PayPal Billionaire, Boeing Battle Over Who Can Build a Better Space Taxi

Elon Musk thinks his company can do a better job of sending military satellites into space, and he wants Congress’s help to break into the game.

A SpaceX rocket takes off on a 2012 mission for NASA.
National Journal
Alex Brown
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Alex Brown
March 5, 2014, 10:38 a.m.

Bil­lion­aire en­tre­pren­eur Elon Musk has a plan to launch mil­it­ary satel­lites that he claims could save the gov­ern­ment hun­dreds of mil­lions, but to make it work, he says he needs Con­gress’s help to break up a mil­it­ary-in­dus­tri­al mono­poly.

“Com­pet­i­tion and the free mar­ket is a good thing,” Musk told Con­gress on Wed­nes­day, es­tim­at­ing that his SpaceX rock­ets would cost nearly $300 mil­lion less per launch if giv­en the op­por­tun­ity to com­pete with United Launch Al­li­ance — a part­ner­ship of Boe­ing and Lock­heed Mar­tin that the mil­it­ary cur­rently re­lies on to ferry its satel­lites.

SpaceX ships have already con­duc­ted re­sup­ply mis­sions for NASA to the In­ter­na­tion­al Space Sta­tion, but have found it more dif­fi­cult to break in­to the De­fense De­part­ment’s launch pro­gram.

At present, the Air Force is slated to buy up to 36 rock­ets from ULA, while an­oth­er 14 will be made open to com­pet­i­tion for SpaceX and oth­er com­pan­ies. ULA CEO Mi­chael Gass said his com­pany’s ex­clus­ive role in mil­it­ary launches is a good thing, of­fer­ing re­li­ab­il­ity (the com­pany boasts 68 straight suc­cess­ful launches; Musk and Gass had a back-and-forth over each com­pany’s mis­haps and what con­sti­tutes a “suc­cess­ful” launch) and pre­vent­ing spend­ing on re­dund­ant tech­no­logy.

But Musk took is­sue with the re­li­ab­il­ity ar­gu­ment, us­ing events in Ukraine to un­der­cut ULA’s stand­ing. “It makes no sense to claim that ULA’s At­las V [rock­et] provides as­sured ac­cess to space when it de­pends on a Rus­si­an en­gine,” he told re­port­ers after the hear­ing. “In light of Rus­sia’s re­cent ac­tions, with the de facto an­nex­a­tion of Ukraine’s Crimea re­gion and the fact that we’ve severed mil­it­ary ties with Rus­sia — we’re con­tem­plat­ing sanc­tions — it does not make sense to award Rus­sia right now with a huge multi-hun­dred-mil­lion dol­lar con­tract for rock­et en­gines.”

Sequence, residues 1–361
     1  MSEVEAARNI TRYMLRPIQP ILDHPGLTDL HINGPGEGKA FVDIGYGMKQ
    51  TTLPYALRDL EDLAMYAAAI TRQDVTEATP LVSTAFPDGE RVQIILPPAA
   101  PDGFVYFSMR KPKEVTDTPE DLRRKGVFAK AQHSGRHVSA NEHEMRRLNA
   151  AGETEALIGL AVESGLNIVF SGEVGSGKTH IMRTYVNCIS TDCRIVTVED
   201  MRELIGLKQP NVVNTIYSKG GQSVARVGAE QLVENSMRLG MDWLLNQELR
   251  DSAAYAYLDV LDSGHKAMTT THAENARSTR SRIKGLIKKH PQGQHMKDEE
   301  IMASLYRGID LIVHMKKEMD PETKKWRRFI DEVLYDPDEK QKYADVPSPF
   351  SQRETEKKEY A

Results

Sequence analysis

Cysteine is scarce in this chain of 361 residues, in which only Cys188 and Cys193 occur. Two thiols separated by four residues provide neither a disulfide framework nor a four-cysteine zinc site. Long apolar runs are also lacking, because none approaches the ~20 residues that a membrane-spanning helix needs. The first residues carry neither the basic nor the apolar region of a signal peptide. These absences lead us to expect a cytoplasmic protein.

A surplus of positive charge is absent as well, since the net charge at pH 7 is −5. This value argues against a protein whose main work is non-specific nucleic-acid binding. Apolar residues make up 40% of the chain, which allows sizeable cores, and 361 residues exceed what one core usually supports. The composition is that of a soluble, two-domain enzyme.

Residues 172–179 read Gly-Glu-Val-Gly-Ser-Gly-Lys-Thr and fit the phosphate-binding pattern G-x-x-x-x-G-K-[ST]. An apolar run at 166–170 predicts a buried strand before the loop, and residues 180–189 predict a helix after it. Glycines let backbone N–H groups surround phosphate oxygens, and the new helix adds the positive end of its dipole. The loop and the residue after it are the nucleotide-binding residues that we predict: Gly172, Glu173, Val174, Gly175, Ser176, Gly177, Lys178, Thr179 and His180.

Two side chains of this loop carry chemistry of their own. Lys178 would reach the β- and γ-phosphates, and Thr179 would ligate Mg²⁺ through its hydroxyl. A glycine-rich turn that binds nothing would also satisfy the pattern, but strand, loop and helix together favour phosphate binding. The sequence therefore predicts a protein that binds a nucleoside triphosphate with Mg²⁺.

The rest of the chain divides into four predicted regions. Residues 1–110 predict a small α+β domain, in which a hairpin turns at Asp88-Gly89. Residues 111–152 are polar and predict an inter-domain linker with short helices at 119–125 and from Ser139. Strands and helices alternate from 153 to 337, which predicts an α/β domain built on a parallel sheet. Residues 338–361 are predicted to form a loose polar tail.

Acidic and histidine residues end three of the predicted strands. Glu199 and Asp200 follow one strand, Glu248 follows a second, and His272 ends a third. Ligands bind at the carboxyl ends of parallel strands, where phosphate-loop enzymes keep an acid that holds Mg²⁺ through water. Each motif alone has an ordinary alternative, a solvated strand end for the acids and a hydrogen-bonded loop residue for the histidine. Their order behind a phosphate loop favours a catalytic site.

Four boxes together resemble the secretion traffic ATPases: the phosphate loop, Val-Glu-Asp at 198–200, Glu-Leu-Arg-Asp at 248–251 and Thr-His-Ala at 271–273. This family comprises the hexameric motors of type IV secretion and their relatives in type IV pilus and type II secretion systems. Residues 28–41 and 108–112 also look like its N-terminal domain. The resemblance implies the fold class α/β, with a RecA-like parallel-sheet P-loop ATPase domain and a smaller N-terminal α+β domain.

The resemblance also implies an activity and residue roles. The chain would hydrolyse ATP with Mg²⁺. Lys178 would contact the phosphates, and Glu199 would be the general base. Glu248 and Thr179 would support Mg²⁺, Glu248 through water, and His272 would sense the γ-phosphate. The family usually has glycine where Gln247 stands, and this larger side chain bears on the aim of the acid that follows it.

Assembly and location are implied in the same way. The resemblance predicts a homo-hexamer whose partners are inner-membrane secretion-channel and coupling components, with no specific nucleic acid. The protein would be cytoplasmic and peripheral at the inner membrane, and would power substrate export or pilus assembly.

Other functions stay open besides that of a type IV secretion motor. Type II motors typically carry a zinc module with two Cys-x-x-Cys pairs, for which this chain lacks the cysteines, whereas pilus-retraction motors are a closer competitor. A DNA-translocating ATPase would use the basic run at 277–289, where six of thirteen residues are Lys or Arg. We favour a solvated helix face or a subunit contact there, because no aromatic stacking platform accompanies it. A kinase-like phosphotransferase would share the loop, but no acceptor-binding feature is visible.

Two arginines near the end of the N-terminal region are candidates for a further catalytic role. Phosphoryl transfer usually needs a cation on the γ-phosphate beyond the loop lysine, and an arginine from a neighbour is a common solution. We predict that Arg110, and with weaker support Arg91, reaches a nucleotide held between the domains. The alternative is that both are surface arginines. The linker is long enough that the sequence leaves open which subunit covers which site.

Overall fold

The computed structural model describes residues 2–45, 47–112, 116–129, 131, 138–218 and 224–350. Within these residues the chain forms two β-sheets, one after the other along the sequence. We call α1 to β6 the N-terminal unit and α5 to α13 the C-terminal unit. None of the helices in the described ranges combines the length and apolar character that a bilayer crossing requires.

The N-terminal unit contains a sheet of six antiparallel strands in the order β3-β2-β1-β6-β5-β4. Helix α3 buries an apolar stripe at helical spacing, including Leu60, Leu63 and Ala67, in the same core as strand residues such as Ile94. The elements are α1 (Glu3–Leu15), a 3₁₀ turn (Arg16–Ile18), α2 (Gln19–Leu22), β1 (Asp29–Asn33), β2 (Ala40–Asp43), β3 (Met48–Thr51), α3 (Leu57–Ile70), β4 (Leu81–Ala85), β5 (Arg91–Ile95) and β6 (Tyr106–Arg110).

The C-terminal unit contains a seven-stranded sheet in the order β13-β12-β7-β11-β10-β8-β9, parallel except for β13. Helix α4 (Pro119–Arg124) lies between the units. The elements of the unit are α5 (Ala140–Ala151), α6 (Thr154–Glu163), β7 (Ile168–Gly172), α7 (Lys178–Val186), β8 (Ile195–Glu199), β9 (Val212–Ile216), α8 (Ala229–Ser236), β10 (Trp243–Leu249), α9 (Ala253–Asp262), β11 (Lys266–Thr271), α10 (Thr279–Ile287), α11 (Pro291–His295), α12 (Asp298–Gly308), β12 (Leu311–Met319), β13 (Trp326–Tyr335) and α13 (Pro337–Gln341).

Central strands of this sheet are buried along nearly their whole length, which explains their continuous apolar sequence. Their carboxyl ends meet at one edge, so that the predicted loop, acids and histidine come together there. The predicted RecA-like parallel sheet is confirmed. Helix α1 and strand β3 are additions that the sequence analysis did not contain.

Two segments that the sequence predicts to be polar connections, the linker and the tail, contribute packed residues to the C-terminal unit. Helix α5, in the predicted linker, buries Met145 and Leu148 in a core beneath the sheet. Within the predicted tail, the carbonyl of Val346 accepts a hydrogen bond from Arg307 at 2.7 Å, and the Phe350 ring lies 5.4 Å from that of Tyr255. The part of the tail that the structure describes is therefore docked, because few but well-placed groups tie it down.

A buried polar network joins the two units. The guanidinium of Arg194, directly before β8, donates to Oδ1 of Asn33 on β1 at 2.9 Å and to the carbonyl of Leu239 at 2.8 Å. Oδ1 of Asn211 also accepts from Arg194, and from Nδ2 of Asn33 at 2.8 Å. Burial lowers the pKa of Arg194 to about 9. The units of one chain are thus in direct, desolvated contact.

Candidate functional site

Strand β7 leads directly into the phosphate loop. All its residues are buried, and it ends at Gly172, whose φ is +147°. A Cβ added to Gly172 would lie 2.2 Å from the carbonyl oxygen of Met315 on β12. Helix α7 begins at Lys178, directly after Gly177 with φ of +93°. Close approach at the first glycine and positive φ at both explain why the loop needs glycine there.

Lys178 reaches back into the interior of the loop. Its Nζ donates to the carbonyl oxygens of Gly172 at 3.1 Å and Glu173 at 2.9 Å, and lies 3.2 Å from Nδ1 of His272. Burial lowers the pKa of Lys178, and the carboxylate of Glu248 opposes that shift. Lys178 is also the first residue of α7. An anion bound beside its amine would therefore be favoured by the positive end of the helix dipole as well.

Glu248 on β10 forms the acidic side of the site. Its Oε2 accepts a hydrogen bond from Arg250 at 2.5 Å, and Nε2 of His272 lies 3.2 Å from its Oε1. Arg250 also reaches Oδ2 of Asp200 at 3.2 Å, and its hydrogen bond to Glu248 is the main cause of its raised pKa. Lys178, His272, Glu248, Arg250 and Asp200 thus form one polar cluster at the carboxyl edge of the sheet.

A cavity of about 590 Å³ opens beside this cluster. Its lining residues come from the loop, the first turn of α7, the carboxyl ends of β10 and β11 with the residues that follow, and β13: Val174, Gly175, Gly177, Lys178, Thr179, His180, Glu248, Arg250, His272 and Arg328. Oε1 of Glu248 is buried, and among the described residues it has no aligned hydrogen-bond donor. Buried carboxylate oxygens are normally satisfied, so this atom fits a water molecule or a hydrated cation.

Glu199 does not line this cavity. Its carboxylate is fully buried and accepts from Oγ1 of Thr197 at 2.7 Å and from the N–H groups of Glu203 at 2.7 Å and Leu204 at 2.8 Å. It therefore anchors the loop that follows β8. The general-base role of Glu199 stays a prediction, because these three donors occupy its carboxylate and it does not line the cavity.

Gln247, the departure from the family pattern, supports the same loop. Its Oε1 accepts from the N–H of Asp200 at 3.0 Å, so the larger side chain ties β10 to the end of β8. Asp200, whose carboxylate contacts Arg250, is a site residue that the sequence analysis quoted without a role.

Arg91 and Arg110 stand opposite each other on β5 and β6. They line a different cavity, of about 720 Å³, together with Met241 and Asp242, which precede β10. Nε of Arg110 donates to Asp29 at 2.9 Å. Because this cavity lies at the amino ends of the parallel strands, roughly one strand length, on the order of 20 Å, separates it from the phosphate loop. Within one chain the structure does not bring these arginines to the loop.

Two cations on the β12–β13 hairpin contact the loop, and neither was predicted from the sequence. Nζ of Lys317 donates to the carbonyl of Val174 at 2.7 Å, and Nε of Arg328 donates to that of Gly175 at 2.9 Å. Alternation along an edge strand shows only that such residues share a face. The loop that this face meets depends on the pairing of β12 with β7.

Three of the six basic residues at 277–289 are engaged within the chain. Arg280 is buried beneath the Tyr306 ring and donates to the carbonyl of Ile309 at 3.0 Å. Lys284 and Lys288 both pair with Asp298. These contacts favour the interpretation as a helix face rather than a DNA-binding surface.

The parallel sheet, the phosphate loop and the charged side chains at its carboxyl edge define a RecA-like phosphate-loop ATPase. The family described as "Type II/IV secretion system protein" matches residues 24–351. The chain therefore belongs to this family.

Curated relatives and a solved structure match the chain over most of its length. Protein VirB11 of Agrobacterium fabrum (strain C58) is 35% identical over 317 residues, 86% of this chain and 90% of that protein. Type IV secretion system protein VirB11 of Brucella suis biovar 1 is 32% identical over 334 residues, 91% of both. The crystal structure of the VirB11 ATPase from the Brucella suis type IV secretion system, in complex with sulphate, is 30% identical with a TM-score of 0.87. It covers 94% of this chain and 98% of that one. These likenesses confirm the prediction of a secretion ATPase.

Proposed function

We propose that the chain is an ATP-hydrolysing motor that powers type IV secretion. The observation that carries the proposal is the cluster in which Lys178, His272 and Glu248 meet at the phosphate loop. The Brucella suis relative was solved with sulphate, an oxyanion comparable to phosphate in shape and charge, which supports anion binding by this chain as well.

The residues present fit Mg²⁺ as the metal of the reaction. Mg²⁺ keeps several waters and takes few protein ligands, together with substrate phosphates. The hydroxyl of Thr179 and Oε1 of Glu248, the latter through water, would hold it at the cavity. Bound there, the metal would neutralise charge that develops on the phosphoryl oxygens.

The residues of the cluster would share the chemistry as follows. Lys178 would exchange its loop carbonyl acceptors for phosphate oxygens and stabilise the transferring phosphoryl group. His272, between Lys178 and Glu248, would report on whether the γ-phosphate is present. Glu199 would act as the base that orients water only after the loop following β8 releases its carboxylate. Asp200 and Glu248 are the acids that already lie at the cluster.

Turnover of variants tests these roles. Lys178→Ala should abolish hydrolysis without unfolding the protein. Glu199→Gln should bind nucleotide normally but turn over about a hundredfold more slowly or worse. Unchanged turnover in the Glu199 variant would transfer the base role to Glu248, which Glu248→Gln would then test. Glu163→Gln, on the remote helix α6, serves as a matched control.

He pro­posed that SpaceX’s Fal­con rock­ets could re­place the At­las V, with ULA still provid­ing its Delta rock­ets to the mil­it­ary.

Gass countered that his com­pany has a two-year sup­ply of At­las V en­gines already stock­piled, mean­ing near-term ten­sions between the two coun­tries are un­likely to keep the U.S. out of or­bit. “We are not at any risk,” he said.

Sen. Di­anne Fein­stein — a Cali­for­nia Demo­crat whose state hosts both SpaceX and some ULA launches — came to Musk’s aid, pro­du­cing a chart from the Gov­ern­ment Ac­count­ab­il­ity Of­fice that showed spend­ing in­creas­ing rap­idly after Boe­ing and Lock­heed merged their launch pro­grams. “The costs to the gov­ern­ment, to the tax­pay­er, have skyrock­eted,” she said. “Com­pet­i­tion is the Amer­ic­an ba­sic de­mand for the ac­cord­ance of a con­tract. So what keeps us from do­ing this?”

Ad­ded Musk: “When Boe­ing and Lock­heed merged, the point at which they stopped be­ing com­pet­it­ors, the costs doubled,” The gov­ern­ment, he said, fur­ther di­min­ishes com­pet­i­tion with a bil­lion-dol­lar an­nu­al pay­ment — which he re­ferred as a sub­sidy — to ULA. He ar­gued that fund­ing “ex­clus­ively in sup­port of the in­cum­bent pro­vider” should be elim­in­ated, or at least factored in­to cost ana­lyses when ULA com­petes for con­tracts.

That pay­ment, known as the ELC, is cru­cial for en­sur­ing ULA’s read­i­ness to meet Amer­ica’s space needs, even when de­mand ebbs, Gass replied. “The na­tion needs a launch vehicle com­pany to stand ready,” he said.

Sen. Richard Shelby — whose home state of Alabama hosts ULA’s pro­duc­tion plant — praised the com­pany’s track re­cord. The Re­pub­lic­an ar­gued that com­pet­i­tion, while gen­er­ally a driver of pro­gress, could lead to “du­plic­a­tion of ex­ist­ing in­fra­struc­ture” and ex­pressed skep­ti­cism at “re-cre­at­ing the wheel.” He also pressed Musk on a SpaceX en­gine fail­ure that sent a cargo ship in­to the wrong or­bit.

Mean­while, Gass used an ar­gu­ment Musk couldn’t — his know­ledge of clas­si­fied tech­no­logy — to in­sist that get­ting mul­tiple com­pan­ies the cap­ab­il­ity to handle such pay­loads isn’t feas­ible. “Those mis­sions can’t work in a com­pet­it­ive com­mer­cial en­vir­on­ment,” he said. “If you don’t have a win­ner-take-all, sur­viv­al of the fit­test com­pet­i­tion “¦ it doesn’t work.”

Musk replied that his com­pany is pre­pared to meet the needs of any mil­it­ary launch, adding that ex­pan­ded cap­ab­il­it­ies are built in­to its cost es­tim­ates. He dis­missed the no­tion that ULA’s longer track re­cord should give it the edge in launch­ing mil­it­ary satel­lites. “Re­li­ab­il­ity is a key factor in com­pet­i­tion. It doesn’t be­come less im­port­ant; it be­comes more im­port­ant,” he said. “If our rock­ets are good enough for NASA, why are they not good enough for the Air Force?”

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